Story of the one dollar house

This story has two beginnings. One was on Monday when Fisherman Husband thought it might be too foggy to go fishing and went to his launch spot at Cline Spit to check it out. Sure enough: too foggy. So he drove off to check conditions at other launch sites. No luck. He came back to Dungeness Landing for one last look…just as a big barge was coming toward shore to offload the house you see above. Mind you, this is not a big, sophisticated marina. There’s a small beach. And there is a small, graded ramp big enough for a normal tow vehicle to launch a small boat.

The second beginning of this story was when these signs showed up along both sides of a road leading to the landing where the house came ashore. The signs declared no parking on either side of the two lane road from 10 p.m. Monday night until 5:30 a.m. on Tuesday. The dozens of signs were evenly spaced for 4.5 miles (7.25 km.) where they stopped shortly before the Dungeness River. Until the house appeared on the beach these signs were a mystery to us.

The journey of this house began in Shelton, a tiny community about 75 land miles (121 km.) south of Sequim on the Hood Canal. I don’t know what it took to remove the house from its former site but once it was loaded onto the barge it traveled about 115 miles (185 km.) south down the Hood Canal, into Puget Sound and north to the Strait of Juan de Fuca until it pulled into Dungeness Bay and was dragged onto huge skids on the beach.

There it began the final haul, towed by the truck you saw in the first shot above. While its journey up the beach was no cakewalk, the fun had just begun. Locals know the road at Cline Spit, a steep, narrow grade that is marked by a sharp turn onto a narrow lane at the top. At its final destination yesterday we met a woman who had, along with other locals, come out to watch the spectacle on Monday night. She reported that navigating the grade and the hairpin at the top had taken two hours of turns and see-sawing to edge the monstrous load around the turn, avoiding a fence, telephone poles, and mailboxes.

Along the way, a front corner of the house hit a tree. It seems a minor miracle that this was the worst of it as the caravan passed under numerous telephone and power lines and was wide enough that oncoming traffic wasn’t able to pass.

Yesterday it rested in its new location as workers propped it up from underneath. I’ll definitely return to see how it’s settling in.

So, a couple more details. This house was surplussed by a conservancy in Shelton. It was sold to its proud new owner for one dollar. Quite a bargain as long as you don’t factor in its travel budget to Sequim. We were told by the woman who’d watched the moving drama that the house’s trip ran a cool $300,000.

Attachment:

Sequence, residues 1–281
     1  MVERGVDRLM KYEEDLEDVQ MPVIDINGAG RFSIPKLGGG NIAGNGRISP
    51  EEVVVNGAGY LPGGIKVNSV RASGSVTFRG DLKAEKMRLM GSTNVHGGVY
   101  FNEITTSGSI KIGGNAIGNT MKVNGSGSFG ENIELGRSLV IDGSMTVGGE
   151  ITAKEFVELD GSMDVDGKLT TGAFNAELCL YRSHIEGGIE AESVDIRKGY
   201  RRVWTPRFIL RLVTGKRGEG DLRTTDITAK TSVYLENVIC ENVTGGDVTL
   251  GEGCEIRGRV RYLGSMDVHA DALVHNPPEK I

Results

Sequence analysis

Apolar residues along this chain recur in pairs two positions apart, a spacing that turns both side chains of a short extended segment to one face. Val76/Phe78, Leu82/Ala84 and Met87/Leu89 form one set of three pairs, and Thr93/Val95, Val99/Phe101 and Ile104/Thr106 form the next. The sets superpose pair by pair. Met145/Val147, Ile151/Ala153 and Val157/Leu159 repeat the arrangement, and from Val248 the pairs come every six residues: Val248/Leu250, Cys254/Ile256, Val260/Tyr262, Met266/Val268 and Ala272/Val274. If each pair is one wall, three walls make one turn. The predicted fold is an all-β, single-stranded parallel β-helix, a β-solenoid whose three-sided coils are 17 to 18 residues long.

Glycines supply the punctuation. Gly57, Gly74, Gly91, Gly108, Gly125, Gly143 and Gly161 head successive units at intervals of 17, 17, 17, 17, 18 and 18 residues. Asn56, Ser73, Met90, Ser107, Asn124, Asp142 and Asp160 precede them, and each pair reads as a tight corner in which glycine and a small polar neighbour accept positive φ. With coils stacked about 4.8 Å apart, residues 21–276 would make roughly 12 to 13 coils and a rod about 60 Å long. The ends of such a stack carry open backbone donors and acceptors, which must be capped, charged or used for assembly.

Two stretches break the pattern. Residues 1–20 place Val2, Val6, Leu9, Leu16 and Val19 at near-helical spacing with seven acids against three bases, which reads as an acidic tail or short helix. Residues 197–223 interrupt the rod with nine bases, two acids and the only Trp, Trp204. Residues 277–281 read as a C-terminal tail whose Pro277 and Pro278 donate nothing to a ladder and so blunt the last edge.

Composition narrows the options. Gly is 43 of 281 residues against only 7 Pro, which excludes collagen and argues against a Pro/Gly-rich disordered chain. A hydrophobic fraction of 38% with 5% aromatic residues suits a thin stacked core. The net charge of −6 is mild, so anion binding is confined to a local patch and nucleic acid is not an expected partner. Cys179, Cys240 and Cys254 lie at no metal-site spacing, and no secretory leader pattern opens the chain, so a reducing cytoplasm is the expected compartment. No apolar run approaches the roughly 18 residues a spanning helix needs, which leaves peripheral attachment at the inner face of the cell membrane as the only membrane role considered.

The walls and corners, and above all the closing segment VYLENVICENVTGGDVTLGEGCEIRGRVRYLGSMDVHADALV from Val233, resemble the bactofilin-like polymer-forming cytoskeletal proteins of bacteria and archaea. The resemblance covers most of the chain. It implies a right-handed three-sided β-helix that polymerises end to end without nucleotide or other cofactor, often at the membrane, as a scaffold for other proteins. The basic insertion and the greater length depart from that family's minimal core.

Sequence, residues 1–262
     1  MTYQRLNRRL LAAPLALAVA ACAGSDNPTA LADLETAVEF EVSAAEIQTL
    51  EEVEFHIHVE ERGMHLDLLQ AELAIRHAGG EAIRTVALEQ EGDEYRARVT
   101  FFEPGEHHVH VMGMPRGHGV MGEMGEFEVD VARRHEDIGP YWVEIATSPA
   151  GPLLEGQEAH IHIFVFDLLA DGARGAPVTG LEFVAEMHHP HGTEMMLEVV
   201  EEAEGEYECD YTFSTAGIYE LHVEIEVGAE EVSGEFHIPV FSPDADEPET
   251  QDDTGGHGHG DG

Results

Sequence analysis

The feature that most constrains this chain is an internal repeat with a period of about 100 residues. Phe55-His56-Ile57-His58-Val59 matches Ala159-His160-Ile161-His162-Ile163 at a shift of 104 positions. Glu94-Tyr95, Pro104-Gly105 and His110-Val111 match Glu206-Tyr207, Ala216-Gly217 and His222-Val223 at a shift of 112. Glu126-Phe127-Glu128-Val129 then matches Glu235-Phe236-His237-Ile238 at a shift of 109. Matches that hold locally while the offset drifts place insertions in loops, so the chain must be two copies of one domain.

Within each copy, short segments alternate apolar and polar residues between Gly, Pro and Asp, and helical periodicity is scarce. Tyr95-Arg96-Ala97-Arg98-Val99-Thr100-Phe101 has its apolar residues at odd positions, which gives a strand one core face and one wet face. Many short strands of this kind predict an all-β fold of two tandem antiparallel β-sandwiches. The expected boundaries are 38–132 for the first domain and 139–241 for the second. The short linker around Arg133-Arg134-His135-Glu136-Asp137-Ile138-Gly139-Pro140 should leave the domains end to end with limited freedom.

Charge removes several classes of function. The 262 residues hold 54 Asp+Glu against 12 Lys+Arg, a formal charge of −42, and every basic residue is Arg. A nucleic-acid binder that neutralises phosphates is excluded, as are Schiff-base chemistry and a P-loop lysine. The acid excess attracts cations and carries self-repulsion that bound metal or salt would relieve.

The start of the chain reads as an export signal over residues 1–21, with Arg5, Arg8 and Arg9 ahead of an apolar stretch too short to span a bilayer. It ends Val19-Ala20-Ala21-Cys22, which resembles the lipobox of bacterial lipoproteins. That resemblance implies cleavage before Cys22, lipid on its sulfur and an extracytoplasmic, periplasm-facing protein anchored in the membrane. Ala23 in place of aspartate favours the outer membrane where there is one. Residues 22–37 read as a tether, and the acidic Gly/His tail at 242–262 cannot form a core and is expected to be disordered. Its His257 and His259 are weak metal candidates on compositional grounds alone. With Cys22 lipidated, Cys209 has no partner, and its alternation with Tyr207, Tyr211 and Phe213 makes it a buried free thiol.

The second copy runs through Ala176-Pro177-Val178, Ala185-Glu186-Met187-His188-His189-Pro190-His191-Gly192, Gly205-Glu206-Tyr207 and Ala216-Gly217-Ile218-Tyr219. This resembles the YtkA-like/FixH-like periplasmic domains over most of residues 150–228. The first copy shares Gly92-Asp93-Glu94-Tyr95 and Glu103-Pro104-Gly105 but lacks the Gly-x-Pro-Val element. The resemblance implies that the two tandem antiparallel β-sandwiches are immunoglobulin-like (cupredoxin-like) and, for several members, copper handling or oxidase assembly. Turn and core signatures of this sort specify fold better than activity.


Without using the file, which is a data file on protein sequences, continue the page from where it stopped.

Update: The local Peninsula Daily News reports that the cost of the move was $162,000, plus utilities. The house, a 1916 Sears kit home, originally sold for a little more than $2,000 and is in largely original condition except for a 1970s kitchen. Here is a link to the PDN story.

11 thoughts on “Story of the one dollar house”

  1. Well, I hope that “the proud new owner” is going to be satisfied after the price tag of the travel expenses. Certainly demonstrates determination.

  2. Oh my gosh! I know it’s not unusual to move houses from place to place but I have to say this is the first home that I’ve heard about traveling to it’s new site by barge, landing on a beach and being hauled through such a tight situation to reach ‘home’, even I was holding my breath there Kay 😊 You will definitely have to show us how it settles in after that nerve-wracking and hugely expensive journey..

  3. What a fascinating tale and great photos to go with it. Can’t imagine doing this. Was the house worth the cost of the move? I get frustrated when I get behind these kinds of haulers on the highway. I’ve been on Interstate 75 when one of them took up most of two lanes and there wasn’t anyway to get around the darn thing!

    From what you saw, would you say that this house was worth 300K?

    1. Lowell, I subsequently found out that the move cost was $162,000, plus utilities. The house, originally sold for around $2,000, is apparently in original condition except for the kitchen. The new owners are originally master carpenters. With their skills and the look of the place I think it’s probably well worth it.

  4. An exciting story Kay. What an incredible move so many things to figure out along the way to get it to its new location. Glad you got a chance to photograph it.

  5. Wow – that is amazing. I’ve watched a couple of houses being moved and it is a fantastic feat – although I’ve not seen one loaded on a barge and brought around by water. The talent it takes to get this all done is unbelievable. What a treat to have that home in your area and watch its resurrection.

    The strange thing is, that we have lived in a Sears Kit house almost exactly like that one – and they are amazing. There are all sorts of clever things that make the house exceptional – including ironing boards that fold down out of the wall, and storage spaces in places you’d usually not think to make into storage. And then we lived in a second Sears Kit house – it was built when there was no electricity in the county outside of Bellingham and it still had its airing cupboard – with vent holes to the outdoors so the food would stay cool – we really enjoyed both houses and the thought of them being delivered as a kit and then assembled. The kitchen in the second house has no space for a refrigerator, since they didn’t have electricity, so when we lived there we had to put the refrigerator in the dining room, which was right next to the kitchen. A little inconvenient, but still a charming house.

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